Building Cultural and Linguistic Competence

Building Cultural and Linguistic Competence

When there is a very dense cultural barrier, you do the best you can, and if something happens despite that, you have to be satisfied with little success instead of total successes. You have to give up total control. . . .

—Anne Fadiman (2001)

■ Objectives

1. Discuss the underpinnings of the need for cultural and linguistic competence. 2. Describe the National Standards for Culturally and Linguistically Appropri-

ate Services in Health Care. 3. Describe institutional mandates regarding cultural and linguistic

competence. 4. Articulate the attributes of CULTURALCOMPETENCY and CULTURALCARE.

The opening images for this chapter depict the foundations for the building of CULTURALCOMPETENCE. The first image is that of a dandelion that has gone to seed (Figure 1–1). All of the seeds are united, yet each is a discrete entity—they represent the numerous facets necessary for cultural competence. Figure 1–2 is that of a “fake door” in Vejer de la Frontera, Spain. It is a reminder of personal beliefs that shut out all other arguments and ways of understanding people. Figure 1–3 is a translucent door in Avila, Spain, where it is possible to look into a different reality and because it is not locked—one can open it and recognize

Figure 1–1 Figure 1–2 Figure 1–3 Figure 1–4

4 ■ Chapter 1

the view of others. Figure 1–4 represents the steps to cultural competency. A more detailed discussion of each image follows in the forthcoming text.

In May 1988, Anne Fadiman, editor of The American Scholar, met the Lee family of Merced, California. Her subsequent book, The Spirit Catches You and You Fall Down, published in 1997, tells the compelling story of the Lees and their daughter, Lia, and their tragic encounter with the American health care delivery system. This book has now become a classic and is used by many health care educators and providers in situations where there is an effort to demonstrate the need for developing cultural competence.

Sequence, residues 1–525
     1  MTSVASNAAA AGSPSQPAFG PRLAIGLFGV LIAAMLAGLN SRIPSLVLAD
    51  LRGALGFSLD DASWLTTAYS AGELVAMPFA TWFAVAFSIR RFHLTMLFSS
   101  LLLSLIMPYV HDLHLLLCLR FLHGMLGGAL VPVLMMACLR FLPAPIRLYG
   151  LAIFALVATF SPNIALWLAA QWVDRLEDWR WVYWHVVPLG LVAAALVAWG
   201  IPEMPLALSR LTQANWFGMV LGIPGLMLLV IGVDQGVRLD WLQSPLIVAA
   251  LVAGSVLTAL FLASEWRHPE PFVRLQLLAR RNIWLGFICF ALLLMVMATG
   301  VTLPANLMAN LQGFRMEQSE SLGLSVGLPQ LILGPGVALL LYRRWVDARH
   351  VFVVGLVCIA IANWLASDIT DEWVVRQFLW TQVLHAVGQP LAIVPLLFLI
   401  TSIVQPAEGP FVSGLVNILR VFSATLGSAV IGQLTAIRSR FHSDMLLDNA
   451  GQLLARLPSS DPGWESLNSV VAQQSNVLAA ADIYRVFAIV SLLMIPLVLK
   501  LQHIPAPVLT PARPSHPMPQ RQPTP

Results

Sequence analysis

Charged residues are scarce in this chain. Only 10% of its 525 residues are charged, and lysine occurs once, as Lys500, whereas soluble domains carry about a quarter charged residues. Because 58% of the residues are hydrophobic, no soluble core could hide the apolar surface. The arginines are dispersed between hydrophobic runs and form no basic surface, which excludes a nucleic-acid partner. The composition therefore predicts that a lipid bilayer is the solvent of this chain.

When Lia was 3 months old, she was taken to the emergency room of the county hospital with epileptic seizures. The family was unable to communicate in English; the hospital staff did not include competent Hmong interpreters. From the parents’ point of view, Lia was experiencing “the fleeing of her soul from her body and the soul had become lost.” They knew these symptoms to be quag dab peg—“the spirit catches you and you fall down.” The Hmong re- garded this experience with ambivalence, yet they knew that it was serious and potentially dangerous, as it was epilepsy. It was also an illness that evokes a sense of both concern and pride.

The parents and the health care providers both wanted the best for Lia, yet a complex and dense trajectory of misunderstanding and misinterpreting was set in motion. The tragic cultural conflict lasted for several years and caused considerable pain to each party (Fadiman, 2001). This moving incident exem- plifies the extreme events that can occur when two antithetical cultural belief systems collide within the overall environment of the health care delivery sys- tem. Each party comes to a health care event with a set notion of what ought to happen—and, unless each is able to understand the view of the other, complex difficulties can arise.

The catastrophic events of September 11, 2001; the wars in Iraq, Afghanistan, and Libya; the countless natural disasters such as Hurricane Katrina and the earthquakes in Haiti and Japan; and our preoccupation with terrorist threats have pierced the consciousness of all Americans in general and health care providers in particular. Now, more than ever, providers must be- come informed about and sensitive to the culturally diverse subjective meanings of health/HEALTH,1 illness/ILLNESS, caring, and curing/HEALING practices. Cultural diversity and pluralism are a core part of the social and economic en- gines that drive the country, and their impact at this time has significant impli- cations for health care delivery and policymaking throughout the United States (Office of Minority Health, 2001, p. 25).

1This style of combining terms, such as health/HEALTH, will be used throughout the text to con- vey that there is a blending of modern and traditional connotations for the terms. The terms are de- fined within the text and in the glossary. Furthermore, when terms such as CULTURALCOMPETENCY and CULTURALCARE and others are written in all capital letters, it is done so to imply that they are referring to a holistic philosophy, rather than a dualistic philosophy.

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